from the saving-rights,-making-enemies dept
In an unexpected turn of events, Rhode Island's governor has chosen the First Amendment over the hot button issue of revenge porn. One of several bad bills recently introduced by legislators (the others being a dreadful CFAA clone and badly-written "cybercrime" bill) is dead, killed by a politician who actually realized the potential damage to free speech it might have caused.
In her veto message signed late Monday night, [Governor Gina] Raimondo said: "The bill is apparently intended to curb the dissemination of private sexual material over the internet, but its sweep is much broader. It could also cover works of art that depict the human body. And unlike virtually all other similar state statutes, H7537 does not include basic safeguards such as the requirement that 'intent to harass' be demonstrated for conduct to be criminal."
"The breadth and lack of clarity may have a chilling effect on free speech," she wrote. "The right course of action is to follow the example of other states, and craft a more carefully worded law that specifically addresses the problem of revenge porn, without implicating other types of constitutionally protected speech."
The bill, as many of them are, was introduced in a misguided attempt to solve a problem by bashing away at it with the largest legislative hammer. Almost everyone agrees revenge porn is terrible, but only a small minority of those seem interested in handling the issue with the finesse it demands. Instead of narrowly-crafted bills, we get broadly-worded bluster that threatens to swallow up protected speech along with the revenge porn the bills so poorly target.
This veto is unusual, because there's hardly anything more damaging to a political career than refusing to accept "do something" as an answer -- especially when opposing such a bill tends to get a person painted as sympathetic to repulsive humans who traffic in other people's misery.
But wanting to do something, and doing something that isn’t unconstitutional, are different things. Much as the main movers against revenge porn have shamelessly “lied and denied” about the constitutionality of criminalizing protected speech, and state legislatures have enacted laws following their model. Thus far, only one has been tested, in Arizona, and it failed miserably.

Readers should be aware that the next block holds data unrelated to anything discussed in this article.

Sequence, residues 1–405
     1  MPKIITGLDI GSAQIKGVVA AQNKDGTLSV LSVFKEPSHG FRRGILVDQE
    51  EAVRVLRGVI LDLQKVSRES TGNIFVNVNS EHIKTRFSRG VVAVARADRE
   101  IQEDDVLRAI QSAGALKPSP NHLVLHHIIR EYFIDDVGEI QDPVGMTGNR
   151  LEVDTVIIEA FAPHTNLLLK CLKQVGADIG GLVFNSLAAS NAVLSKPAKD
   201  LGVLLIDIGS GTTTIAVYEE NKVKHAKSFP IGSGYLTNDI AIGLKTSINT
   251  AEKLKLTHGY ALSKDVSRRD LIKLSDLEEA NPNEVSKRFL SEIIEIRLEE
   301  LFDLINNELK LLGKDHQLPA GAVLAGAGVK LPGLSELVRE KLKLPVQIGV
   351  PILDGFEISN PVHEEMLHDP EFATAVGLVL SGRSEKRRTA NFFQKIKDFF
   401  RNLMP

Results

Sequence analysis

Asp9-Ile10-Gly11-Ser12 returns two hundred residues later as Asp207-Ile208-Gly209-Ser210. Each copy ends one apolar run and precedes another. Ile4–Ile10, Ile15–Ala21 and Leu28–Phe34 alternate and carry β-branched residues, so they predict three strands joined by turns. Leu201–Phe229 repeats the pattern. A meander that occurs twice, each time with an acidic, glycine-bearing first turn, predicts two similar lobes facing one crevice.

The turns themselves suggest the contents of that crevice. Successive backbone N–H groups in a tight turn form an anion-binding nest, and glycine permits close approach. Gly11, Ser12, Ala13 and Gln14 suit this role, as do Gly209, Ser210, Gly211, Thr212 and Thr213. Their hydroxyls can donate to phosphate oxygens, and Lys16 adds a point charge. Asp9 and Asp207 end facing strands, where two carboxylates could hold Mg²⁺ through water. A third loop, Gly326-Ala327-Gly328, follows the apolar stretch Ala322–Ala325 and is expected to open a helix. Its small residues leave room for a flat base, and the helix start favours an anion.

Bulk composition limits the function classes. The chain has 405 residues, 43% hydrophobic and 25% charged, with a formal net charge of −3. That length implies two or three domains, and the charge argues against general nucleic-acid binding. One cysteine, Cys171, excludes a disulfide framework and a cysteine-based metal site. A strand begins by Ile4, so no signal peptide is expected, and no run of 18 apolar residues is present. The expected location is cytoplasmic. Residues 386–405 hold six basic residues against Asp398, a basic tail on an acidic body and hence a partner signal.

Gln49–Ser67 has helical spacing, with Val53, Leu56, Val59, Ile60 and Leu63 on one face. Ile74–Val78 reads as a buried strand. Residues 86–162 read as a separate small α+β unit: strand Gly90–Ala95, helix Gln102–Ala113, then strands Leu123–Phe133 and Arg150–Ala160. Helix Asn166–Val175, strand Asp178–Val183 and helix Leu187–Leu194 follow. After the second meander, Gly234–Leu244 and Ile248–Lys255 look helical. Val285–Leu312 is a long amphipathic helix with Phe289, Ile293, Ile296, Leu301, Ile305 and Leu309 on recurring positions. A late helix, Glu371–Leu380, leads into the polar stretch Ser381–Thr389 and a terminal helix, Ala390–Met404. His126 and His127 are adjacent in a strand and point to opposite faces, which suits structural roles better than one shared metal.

Governor Raimondo has the honor of the first veto, which is something to be quite proud of. No one gives a prize for respecting the Constitution anymore, particularly in the face of sad tears and stories of woe.
That's the problem with issues like these: the forward motion is usually propelled by emotion... and little else. All too often, legislators are somewhat aware of the constitutional issues, but somehow rationalize the damage away as being minimal compared to the evil being fought.
The answer to the revenge porn problem isn't simple. On the plus side, it's evident from multiple prosecutions of revenge porn site owners that existent laws are capable of handling the problem. In some cases, the approach is indirect, but it still achieves the same ends. People who profit from revenge porn tend to violate other laws, rather than limit their actions to this particular legal gray area.
But it's a bold move for a governor to step up and shut down a bad bill, rather than allow the courts to do her work for her. For that, Governor Raimondo should be applauded, especially as she's already being portrayed as sympathetic to revenge porn site operators, rather than to everyone else whose free speech would have been negatively affected by the legislation.